Online lenders are evading New York regulations by claiming their loans are “made” by federally chartered or out-of-state partner banks, the state’s top financial regulator told lawmakers in Albany Monday.

Maria Vullo, superintendent of the New York State Department of Financial Services, urged legislators to clarify the statutory definition of “making loans” to include a wider range of companies.

“You have to look at that question, who’s the true lender?” she said. “They are partnering with these out-of-state banks, often a Utah bank that doesn’t really have usury limits … but the online lender is really the true lender that needs to get the license, so they cannot utilize preemption provisions.”

Hence, the definition should be broadened “to include situations where an entity, in addition to soliciting a loan, is arranging or facilitating the funding of a loan, or ultimately purchasing or acquiring the loan,” Vullo said.

Her remarks come as state regulators are engaged in a turf battle with Washington over regulation of nonbank fintech companies. Vullo's agency and the Conference of State Bank Supervisors have filed separate lawsuits seeking to block the Office of the Comptroller of the Currency's proposed national fintech charter.

“We believe the preemptive impact of that would have significant consequences for consumers and for community banks,” Vullo said of the OCC's plan.

Emotional appeal
"Any company that promises to charge its customers a higher interest rate than even Bernie Madoff promised to his investors can take their business elsewhere," a New York legislator in Albany said Monday.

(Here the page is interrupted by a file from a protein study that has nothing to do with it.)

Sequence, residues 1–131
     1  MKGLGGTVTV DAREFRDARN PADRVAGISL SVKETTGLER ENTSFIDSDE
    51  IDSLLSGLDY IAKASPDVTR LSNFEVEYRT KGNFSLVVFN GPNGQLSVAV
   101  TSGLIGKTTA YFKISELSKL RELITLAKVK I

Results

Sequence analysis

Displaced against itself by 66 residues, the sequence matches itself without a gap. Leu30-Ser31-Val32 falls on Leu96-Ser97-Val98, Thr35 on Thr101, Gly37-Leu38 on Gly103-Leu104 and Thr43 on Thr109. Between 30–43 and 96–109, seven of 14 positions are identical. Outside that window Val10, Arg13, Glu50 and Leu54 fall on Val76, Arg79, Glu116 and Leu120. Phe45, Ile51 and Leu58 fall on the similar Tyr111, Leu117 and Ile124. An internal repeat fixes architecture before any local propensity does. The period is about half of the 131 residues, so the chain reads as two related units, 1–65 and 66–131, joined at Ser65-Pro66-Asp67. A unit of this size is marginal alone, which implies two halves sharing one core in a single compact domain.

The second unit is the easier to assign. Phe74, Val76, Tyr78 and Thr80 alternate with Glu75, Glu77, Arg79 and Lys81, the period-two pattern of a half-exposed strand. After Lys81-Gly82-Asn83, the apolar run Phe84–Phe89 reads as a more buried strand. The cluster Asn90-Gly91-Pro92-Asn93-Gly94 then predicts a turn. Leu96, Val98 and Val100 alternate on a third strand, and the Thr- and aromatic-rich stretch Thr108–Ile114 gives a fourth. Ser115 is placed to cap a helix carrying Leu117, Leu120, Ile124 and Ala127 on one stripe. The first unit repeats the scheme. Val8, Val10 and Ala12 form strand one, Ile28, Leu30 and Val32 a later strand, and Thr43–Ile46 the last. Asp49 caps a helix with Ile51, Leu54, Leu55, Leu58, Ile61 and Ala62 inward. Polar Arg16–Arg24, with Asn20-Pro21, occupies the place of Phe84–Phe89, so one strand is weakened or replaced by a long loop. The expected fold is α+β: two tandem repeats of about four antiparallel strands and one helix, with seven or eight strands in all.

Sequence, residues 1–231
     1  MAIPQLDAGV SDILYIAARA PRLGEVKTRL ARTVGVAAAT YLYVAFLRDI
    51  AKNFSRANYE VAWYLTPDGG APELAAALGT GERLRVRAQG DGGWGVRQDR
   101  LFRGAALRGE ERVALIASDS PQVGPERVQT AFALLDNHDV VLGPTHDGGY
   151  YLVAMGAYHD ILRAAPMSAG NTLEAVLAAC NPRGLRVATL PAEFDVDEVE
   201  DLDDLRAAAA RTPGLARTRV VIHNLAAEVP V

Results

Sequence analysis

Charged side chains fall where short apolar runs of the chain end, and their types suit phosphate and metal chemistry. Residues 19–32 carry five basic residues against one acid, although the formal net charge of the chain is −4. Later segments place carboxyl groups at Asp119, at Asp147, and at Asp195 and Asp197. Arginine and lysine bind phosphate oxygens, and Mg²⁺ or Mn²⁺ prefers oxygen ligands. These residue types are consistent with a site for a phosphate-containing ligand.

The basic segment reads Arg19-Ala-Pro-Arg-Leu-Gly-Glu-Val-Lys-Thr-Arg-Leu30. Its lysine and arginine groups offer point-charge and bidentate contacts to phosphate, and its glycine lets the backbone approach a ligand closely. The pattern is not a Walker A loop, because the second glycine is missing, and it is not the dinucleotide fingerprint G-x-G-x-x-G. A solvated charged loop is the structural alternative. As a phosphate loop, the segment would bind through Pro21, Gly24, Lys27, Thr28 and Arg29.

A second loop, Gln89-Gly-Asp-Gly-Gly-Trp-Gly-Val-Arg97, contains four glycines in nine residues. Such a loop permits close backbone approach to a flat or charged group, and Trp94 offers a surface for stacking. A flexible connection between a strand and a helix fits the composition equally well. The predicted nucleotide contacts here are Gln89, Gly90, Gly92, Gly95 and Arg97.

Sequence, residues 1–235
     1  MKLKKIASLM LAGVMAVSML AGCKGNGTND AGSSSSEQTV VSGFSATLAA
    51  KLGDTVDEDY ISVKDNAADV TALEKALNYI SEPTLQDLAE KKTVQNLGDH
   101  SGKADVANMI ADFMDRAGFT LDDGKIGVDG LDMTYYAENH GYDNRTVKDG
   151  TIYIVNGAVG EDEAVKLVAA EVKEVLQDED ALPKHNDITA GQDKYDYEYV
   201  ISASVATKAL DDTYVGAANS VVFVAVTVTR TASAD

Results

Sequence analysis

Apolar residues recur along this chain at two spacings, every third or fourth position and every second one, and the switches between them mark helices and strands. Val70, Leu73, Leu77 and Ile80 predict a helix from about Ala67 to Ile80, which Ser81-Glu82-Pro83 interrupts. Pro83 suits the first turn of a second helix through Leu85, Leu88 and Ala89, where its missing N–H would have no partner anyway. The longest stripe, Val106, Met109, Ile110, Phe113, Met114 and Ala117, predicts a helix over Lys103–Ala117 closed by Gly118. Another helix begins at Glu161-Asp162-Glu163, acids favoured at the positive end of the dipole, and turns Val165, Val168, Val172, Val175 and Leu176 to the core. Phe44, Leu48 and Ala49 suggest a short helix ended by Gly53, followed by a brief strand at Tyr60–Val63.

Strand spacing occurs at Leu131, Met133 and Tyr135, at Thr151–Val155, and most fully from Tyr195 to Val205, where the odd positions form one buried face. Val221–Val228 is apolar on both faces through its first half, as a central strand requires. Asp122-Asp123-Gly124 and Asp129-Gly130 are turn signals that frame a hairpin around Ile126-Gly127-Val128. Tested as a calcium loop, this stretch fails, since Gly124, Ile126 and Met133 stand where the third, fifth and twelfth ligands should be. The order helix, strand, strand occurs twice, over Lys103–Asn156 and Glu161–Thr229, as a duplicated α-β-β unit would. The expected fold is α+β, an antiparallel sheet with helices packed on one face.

To close another loophole that she said bad actors are exploiting, Vullo also recommended expanding licensing requirements to cover small-dollar lenders that charge 7% or more. Currently, companies that make loans under $25,000 for consumers or $50,000 for businesses must obtain licenses from her department only if they charge 16% or higher. The state caps interest rates at 25% for licensed entities.

The 16% threshold was set in 1980, when the Federal Reserve’s short-term interest rate target was higher than 20%, Vullo said. Lowering the floor to 7% would not place a burden on upstanding companies, she argued.

"Under our proposal, if you want to lend under 7%, then you’re not required to have a license and that’s because we know there are a lot of good, well-meaning community-based lenders that are providing that kind of lending to their communities."

Vullo arrived with specific recommendations even though the hearing was billed as a strictly informational session for the legislature, and several lawmakers made it clear they were already taking a critical view of the online lending industry.

“My community was ravaged by the mortgage meltdown of 2007, so we tend to look at these things with a more cautious eye,” said State Sen. James Sanders. “Every new technology brings about some bad actors, some people who’ve decided to game the system for their personal advancement, and I’m sure this will be no exception.”

Speaking before Vullo’s testimony, State Sen. Leroy Comrie described the existing 16% cap for unlicensed lenders as “more than reasonable and generous.”

He added, “Moreover, any company that promises to charge its customers a higher interest rate than even Bernie Madoff promised to his investors can take their business elsewhere.”

Subscribe Now

Access to authoritative analysis and perspective and our data-driven report series.

14-Day Free Trial

No credit card required. Complete access to articles, breaking news and industry data.